April 29, 2009
Government GeldingsBy Jan LaRue
Iowans may as well issue a formal declaration of surrender to the oligarchs on their supreme court if the governor and state legislature are allowed to forfeit their duties to uphold the state constitution. Why waste billions of dollars keeping them in office? Death to liberty needn't be so expensive.
After 152 years, the Iowa Supreme Court had a judicial epiphany. On April 3, the judges divined an "equal protection" right to "same-sex marriage" in the Iowa Constitution. The court declared in Varnum v. Brien,
The fact that the Iowa Legislature reaffirmed traditional marriage in a 1998 statute was of no moment to the court. You'd think that the only branch vested with legislative authority would react to the court's ruling by issuing a declaration reaffirming the statute's constitutionality and its refusal to pass a law permitting "same-sex marriage." Not yet.
Iowa Gov. Chet Culver issued a picayunish statement following the court's ruling:
Where is Culver's respect for the Iowa Constitution and his duty to uphold it? Why is he allowing public officials to issue marriage licenses and perform same-sex ceremonies without the statutory authority to do so? Arnold Schwarzenegger and Mitt Romney shouldn't be his role models.
Here's a big hitch for Culver and the Iowa Legislature, pun intended. Article XII, §1 of the Iowa Constitution states:
The court acknowledged the first sentence, but ignored the second. The second means that the legislature must enact an enabling statute if a constitutional provision is not self-executing.
There is no self-executing provision for marriage in the constitution, nor is there any provision that makes a supreme court opinion self-executing. Marriage is regulated by statutes, as it is in every state. Consequently, unless the Iowa Legislature passes a "same-sex marriage" bill, which the governor could veto, Iowa public officials are without any authority to issue marriage licenses to same-sex couples.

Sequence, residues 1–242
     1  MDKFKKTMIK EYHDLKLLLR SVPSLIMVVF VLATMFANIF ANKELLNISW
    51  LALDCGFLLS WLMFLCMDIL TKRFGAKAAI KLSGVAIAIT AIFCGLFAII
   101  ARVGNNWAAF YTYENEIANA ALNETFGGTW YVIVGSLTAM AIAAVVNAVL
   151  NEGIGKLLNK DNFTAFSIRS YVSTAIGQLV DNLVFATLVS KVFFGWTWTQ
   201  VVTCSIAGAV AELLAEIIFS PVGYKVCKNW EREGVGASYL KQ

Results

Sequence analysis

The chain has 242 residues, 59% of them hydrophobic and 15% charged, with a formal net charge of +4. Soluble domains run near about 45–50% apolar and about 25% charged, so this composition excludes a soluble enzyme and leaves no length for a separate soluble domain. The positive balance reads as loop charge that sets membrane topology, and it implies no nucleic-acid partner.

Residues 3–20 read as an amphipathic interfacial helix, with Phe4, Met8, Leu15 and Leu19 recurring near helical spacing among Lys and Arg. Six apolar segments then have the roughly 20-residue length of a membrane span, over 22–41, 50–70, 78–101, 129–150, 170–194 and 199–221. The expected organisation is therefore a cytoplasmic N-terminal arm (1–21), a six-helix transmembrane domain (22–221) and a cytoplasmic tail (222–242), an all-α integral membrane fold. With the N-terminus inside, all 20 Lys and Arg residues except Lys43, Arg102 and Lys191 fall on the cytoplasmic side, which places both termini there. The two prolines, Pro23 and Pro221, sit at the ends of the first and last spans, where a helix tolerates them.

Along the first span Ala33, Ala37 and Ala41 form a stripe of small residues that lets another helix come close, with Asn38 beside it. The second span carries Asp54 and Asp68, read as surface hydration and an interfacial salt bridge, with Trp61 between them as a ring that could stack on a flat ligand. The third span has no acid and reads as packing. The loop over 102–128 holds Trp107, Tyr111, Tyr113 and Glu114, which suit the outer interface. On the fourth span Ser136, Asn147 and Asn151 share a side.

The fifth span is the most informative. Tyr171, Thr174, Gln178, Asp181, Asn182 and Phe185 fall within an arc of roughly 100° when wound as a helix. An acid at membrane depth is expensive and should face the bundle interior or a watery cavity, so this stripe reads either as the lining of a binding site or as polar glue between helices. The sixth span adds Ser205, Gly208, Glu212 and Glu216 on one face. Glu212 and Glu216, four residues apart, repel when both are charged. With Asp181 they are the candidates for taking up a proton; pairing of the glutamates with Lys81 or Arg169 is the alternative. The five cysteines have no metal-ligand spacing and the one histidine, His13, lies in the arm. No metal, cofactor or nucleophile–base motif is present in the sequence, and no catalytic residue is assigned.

There are additional reasons to reject the court's ruling. For one, the court's ignorance of U.S. Supreme Court case law calls its competence or integrity into question.
Although the Iowa court didn't base its opinion on federal equal protection grounds, in footnote 6 of its opinion, the court erroneously states:
The U.S. Supreme Court specifically rejected, among other claims, a federal equal protection challenge by a same-sex couple denied a marriage license in Minnesota. The Court dismissed the appeal in Baker v. Nelson, "for want of a substantial federal question." While such a dismissal isn't afforded the same status as precedent, it is a ruling on the merits nonetheless, and only the Supreme Court can reverse it.
Secondly, a statute that applies equally to heterosexuals and homosexuals doesn't violate equal protection. Equal protection "does not require things which are different in fact or opinion to be treated in law as though they were the same." Put simply, marriage policy based on the biological differences between an opposite-sex couple and a same-sex couple isn't invidious and irrational discrimination; it's 6,000 years of common sense preservation of the human race.
While there are "particular classes of Iowans" excluded from marriage, homosexuals aren't one of them. Iowa law prohibits bigamous and incestuous "classes" of marriage.
What if in subsequent opinions, based on its newest "understanding of equal protection," the court decides:
If Iowans think such rulings are unimaginable, they should heed the court's words:
Jan LaRue is Senior Legal Analyst with the American Civil Rights Union; former Chief Counsel at Concerned for Women; former Legal Studies Director at Family Research Council; and former Senior Counsel for the National Law Center for Children and Families.